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Reviewing products and sharing tips on skincare and makeup to help you become more Beauty Literate | skin type: dry, dehydrated, sensitive, itchy | 

 

La Roche-Posay Cicaplast Baume B5

La Roche-Posay Cicaplast Baume B5

I am the opposite of an impulse buyer, I am a planned purchaser. The process that comes before I buy a new product usually involves reading and thinking about it over several months and while this does suck all the fun out of it, it does mean I feel satisfied it is worth trying.  

Which is what made La Roche Posay's Cicaplast Baume B5 an unusual purchase for me. I already had two products in my basket and a 3 for 2 offer at Boots meant I could buy a third of the same or ... try something new. Browsing the skincare aisles, it was hard to resist the claims that La Roche Posay make for Cicaplast: a fragrance free soothing repairing balm with an antibacterial-adhesion texture for dry skin irritations and cutaneous heating sensations by aiding skin recovery, soothing dry irritated areas and protecting skin to provide comfort. Yes bloody please.

When I read "balm" I expect a something thick and oily, like Bobbi Brown Extra Balm or Elizabeth Arden Eight Hour Cream, which is a texture I find really comforting. But Cicaplast comes out the tube as a white cream and if I apply to dry skin, it leaves behind a chalky and white cast which I put down to the titanium dioxide. I got a surprise when I looked in the mirror after first applying to my face and saw Casper the Friendly Ghost staring back at me. It accentuates every line and flake, and so I must rub it in really well and follow-up with moisturiser to sort out the texture issue and dilute the white cast. On more moisturised skin it blends in better with only a slight white cast. However, I still don't detect the so-called "adhesion texture", what I can feel is a slight silicone-primer texture from the dimethicone.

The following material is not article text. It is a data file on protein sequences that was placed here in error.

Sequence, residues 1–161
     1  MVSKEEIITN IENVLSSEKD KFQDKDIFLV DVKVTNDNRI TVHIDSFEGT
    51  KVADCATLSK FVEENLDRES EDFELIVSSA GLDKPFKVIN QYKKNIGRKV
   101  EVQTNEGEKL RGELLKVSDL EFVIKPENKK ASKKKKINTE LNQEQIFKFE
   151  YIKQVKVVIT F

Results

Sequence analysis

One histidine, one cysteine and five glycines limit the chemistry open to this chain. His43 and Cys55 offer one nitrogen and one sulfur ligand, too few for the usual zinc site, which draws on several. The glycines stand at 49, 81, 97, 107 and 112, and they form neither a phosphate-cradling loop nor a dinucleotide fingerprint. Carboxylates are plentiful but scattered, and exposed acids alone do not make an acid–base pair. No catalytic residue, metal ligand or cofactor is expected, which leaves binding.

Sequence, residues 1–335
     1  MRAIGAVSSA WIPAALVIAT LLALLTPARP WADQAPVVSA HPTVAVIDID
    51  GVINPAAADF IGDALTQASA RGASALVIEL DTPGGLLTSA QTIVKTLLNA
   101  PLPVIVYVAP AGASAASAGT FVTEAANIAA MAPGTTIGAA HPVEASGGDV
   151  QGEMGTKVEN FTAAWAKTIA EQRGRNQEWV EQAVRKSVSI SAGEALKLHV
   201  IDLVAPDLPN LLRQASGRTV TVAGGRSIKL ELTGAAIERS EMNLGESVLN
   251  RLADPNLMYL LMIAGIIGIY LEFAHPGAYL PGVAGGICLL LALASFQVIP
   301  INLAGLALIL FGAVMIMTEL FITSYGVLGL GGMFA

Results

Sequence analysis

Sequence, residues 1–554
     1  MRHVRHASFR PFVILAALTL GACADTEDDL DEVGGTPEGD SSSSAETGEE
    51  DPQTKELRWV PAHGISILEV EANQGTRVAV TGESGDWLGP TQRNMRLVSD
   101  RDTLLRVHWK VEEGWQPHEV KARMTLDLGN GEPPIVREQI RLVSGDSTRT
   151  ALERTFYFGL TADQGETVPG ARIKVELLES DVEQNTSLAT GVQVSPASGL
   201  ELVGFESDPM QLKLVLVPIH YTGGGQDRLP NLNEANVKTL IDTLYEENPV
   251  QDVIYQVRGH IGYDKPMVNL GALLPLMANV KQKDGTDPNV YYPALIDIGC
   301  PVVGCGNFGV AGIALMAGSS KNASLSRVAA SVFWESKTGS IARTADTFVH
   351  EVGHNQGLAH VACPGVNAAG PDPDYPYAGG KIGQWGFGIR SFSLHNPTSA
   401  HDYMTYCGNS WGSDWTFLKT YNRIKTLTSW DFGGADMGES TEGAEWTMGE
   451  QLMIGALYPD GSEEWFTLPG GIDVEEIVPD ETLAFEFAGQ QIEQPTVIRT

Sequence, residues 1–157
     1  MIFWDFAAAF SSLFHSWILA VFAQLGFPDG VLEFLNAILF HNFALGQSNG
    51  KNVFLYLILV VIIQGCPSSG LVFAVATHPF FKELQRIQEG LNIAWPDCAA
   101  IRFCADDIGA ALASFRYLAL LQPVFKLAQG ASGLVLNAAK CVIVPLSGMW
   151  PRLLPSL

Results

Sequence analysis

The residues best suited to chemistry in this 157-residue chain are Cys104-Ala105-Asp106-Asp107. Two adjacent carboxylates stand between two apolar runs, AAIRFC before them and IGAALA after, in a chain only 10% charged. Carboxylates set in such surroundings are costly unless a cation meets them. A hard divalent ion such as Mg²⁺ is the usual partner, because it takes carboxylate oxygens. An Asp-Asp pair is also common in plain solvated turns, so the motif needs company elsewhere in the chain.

So far it sounds like I should hate this product, right? Cicaplast however is useful for treating irritation and hot skin despite the above issue. When I have a tingly itch, putting this on can stop it getting out of hand. And if I have scratched, putting this on does help to soothe the skin. It's not going to stop you rubbing your back against a tree if you have a full-blown itchy attack, this is for minor irritations, but it is an aid. As for repairing, I feel the soothing elements that can stop you damaging your skin, together with its anti-bacterial properties do aid repair but I can't say more than that. If you have been caught by the recent interest in Centella Asiatica (if not read Lab Muffin's guide here) you will be interested to know that Cicaplast contains a compound of that plant, Madecassoside, known for its healing properties. 

I find I need to use Cicaplast quite liberally to get the best out of it but that brings me back to the chalky white cast problem. I wish it was more moisturising - that would be perfect. La Roche-Posay have now formulated a gel version without titanium dioxide, which I really want to try but they have unfortunately priced it the same as the balm but provided 60% less product. This annoys me so much that on principle I have not yet bought it but if I do give in, I will do the courtesy of letting you know. For now, I keep using Cicaplast to control itchy skin but with a mirror on hand. 

WATER • HYDROGENATED POLYISOBUTENE • DIMETHICONE • GLYCERIN • SHEA BUTTER • PANTHENOL • BUTYLENE GLYCOL • ALUMINUM STARCH OCTENYLSUCCINATE • PROPANEDIOL •CETYL PEF/PPG-10/1 DIMETHICONE • TRISTEARIN • ZINC GLUCONATE • MADECASSOSIDE •MANGANESE GLUCONATE • MAGNESIUM SULFATE • DISODIUM EDTA • COPPER GLUCONATE • ACETYLATED GLYCOL STEARATE • POLYGLYCERYL-4 ISOSTEARATE • SODIUM BENZONATE • PHENOXYETHANOL • CHLORHEXIDINE DIGLUCONATE • TITANIUM DIOXIDE
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